I instigated a massacre.
Yes, it turns out, orcs absolutely will attack guards. They’ll attack citizens as well, and let’s not forget cows and, most heinous of all, other orcs. Of all the deaths that I caused during my silly experiment, the first stung the most.
Just outside the town, along a beach, there’s a single orc crying, mourning his brother who died in a large battle against a gang of humans. He doesn’t want to fight anymore, just to grieve in peace, and when he mentions that his brother was buried close by, along with some fancy equipment, there’s a sidequest to follow up on. That could be the end of the story. He’s just a big lonely blubbering survivor of war and he doesn’t need to be dealt with in any way whatsoever. I had no desire to desecrate his brother’s grave so I carried on down the road.
It wasn’t long before I ran into an altogether nastier group of orcs. They were level 8, on average, and counted shaman and a giant crossbow-wielding bastard among their number. Me and my companion were level 2. No area of the game is off-limits and creatures don’t level up when the player does, so it’s entirely possible to wander into trouble. This area was only a few screens from the town and yet we found ourselves outnumbered and outclassed. We should have just fled, using a combination of our magical teleporting triangles and good old-fashioned sprinting, but I had other ideas.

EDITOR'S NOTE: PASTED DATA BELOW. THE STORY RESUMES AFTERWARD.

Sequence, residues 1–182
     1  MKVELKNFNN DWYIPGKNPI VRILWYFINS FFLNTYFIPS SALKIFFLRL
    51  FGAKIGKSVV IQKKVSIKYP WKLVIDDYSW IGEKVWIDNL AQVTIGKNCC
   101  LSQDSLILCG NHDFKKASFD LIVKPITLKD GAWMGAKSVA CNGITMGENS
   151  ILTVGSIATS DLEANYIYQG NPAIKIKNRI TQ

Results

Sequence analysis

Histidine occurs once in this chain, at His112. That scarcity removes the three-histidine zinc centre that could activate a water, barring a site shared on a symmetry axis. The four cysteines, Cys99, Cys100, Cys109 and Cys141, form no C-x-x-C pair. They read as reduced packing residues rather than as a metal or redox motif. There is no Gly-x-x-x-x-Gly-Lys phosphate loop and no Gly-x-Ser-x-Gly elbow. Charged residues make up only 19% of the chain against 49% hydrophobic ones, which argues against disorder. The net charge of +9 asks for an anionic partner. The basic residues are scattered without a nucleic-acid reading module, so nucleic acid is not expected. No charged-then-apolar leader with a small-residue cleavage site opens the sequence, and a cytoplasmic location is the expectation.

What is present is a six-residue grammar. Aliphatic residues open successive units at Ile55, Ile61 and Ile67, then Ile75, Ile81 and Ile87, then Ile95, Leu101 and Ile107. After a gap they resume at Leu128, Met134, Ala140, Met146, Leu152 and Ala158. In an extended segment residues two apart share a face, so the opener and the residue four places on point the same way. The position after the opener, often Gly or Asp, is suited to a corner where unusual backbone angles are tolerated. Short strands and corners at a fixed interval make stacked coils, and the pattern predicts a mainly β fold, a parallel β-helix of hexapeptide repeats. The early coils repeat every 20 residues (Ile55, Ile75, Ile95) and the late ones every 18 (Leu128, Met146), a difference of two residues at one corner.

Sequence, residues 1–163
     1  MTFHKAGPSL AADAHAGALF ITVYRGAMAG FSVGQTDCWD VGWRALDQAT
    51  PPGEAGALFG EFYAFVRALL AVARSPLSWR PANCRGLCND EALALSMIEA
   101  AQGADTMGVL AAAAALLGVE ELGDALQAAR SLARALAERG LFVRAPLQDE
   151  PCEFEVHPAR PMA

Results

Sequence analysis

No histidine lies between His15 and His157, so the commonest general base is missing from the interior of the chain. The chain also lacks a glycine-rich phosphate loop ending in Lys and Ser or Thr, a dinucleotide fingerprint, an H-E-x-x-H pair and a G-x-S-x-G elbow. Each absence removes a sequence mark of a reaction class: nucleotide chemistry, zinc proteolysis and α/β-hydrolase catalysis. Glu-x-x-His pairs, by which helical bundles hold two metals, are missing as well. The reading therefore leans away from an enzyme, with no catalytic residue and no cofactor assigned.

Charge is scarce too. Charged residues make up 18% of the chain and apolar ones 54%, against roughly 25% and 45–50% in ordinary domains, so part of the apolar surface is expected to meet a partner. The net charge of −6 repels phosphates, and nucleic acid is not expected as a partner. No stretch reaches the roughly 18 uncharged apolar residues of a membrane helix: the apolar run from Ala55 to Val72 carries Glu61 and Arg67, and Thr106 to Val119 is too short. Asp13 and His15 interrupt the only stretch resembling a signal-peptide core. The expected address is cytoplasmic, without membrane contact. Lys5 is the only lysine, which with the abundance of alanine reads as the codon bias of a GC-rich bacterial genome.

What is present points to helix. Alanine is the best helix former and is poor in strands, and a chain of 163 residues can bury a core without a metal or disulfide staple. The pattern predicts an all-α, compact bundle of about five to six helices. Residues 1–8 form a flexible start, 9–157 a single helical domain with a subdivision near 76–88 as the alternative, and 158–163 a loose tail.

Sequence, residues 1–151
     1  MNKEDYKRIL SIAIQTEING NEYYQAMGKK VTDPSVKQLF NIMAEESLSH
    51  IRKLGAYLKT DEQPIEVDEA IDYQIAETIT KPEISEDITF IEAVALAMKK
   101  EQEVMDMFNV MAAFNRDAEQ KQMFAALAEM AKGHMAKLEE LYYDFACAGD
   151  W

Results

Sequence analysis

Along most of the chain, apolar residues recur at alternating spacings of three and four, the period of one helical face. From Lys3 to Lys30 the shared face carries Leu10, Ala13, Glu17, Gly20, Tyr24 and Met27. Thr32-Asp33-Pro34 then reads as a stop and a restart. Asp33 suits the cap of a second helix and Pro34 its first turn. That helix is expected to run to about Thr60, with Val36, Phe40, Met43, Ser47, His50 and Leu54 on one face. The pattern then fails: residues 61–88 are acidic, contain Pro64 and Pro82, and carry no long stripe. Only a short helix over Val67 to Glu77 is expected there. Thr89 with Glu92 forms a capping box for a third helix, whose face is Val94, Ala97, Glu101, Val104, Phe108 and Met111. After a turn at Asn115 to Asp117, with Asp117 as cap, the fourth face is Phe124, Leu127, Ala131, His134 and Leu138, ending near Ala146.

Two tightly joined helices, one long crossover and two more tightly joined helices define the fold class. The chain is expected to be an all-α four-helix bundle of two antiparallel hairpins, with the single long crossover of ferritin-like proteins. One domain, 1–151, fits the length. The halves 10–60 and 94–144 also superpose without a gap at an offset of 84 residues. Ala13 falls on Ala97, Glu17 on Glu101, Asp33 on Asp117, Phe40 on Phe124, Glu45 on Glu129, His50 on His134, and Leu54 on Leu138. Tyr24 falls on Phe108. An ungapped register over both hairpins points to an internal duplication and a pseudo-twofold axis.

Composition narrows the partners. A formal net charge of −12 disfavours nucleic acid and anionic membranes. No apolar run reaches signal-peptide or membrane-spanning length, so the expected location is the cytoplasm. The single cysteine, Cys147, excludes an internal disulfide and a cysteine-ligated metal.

“Why don’t we lead them back to town? Let the guards kill them. We might get loads of experience if we join in the fight.” Later, as it turns out, I realised that the players only receive experience if they strike the killing blow. I suggested letting the guards whittle the orcs down and then killing orc and guard alike, but my partner wasn’t too pleased by that plan. I suppose one of us had to make sure the other behaved.
But the initial plan? It was a great idea. We agreed to lure the orcs, using most of our action points each turn to flee far enough that we couldn’t be struck, and then using our various powers to create hazards between ourselves and the enemy. Elements play an important role in combat, far more interesting than the WATER COUNTERS FIRE kind of system you’re probably imagining. That comes into play as well, but spells also change scenery.